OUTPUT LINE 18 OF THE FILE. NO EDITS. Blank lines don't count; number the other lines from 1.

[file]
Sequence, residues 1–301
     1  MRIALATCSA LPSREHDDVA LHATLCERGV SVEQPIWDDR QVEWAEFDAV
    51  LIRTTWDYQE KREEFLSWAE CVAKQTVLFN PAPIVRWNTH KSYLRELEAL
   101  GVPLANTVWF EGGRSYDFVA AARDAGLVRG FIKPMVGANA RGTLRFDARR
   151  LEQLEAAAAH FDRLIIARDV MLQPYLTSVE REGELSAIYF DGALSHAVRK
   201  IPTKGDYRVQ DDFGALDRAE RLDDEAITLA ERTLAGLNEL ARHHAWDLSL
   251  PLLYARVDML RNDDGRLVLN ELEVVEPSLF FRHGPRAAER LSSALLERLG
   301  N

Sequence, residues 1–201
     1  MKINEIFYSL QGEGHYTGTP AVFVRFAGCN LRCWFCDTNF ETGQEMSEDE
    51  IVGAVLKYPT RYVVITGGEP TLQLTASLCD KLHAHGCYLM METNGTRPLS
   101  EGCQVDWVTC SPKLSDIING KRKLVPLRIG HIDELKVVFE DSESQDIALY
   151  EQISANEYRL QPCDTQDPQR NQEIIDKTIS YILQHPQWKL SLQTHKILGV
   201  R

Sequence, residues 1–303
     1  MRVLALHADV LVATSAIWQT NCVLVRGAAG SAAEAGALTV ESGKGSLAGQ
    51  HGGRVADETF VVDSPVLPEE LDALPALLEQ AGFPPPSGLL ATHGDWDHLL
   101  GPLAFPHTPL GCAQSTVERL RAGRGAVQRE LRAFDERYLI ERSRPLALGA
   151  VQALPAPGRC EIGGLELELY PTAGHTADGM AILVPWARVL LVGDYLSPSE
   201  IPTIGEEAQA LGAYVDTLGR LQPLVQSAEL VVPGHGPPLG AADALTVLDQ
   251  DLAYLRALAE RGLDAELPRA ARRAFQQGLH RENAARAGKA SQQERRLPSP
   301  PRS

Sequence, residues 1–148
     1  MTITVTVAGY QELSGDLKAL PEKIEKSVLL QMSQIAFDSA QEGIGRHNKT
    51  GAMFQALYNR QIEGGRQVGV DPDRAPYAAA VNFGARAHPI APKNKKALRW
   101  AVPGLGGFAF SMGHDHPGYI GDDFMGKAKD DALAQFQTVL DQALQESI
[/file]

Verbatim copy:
   101  GPLAFPHTPL GCAQSTVERL RAGRGAVQRE LRAFDERYLI ERSRPLALGA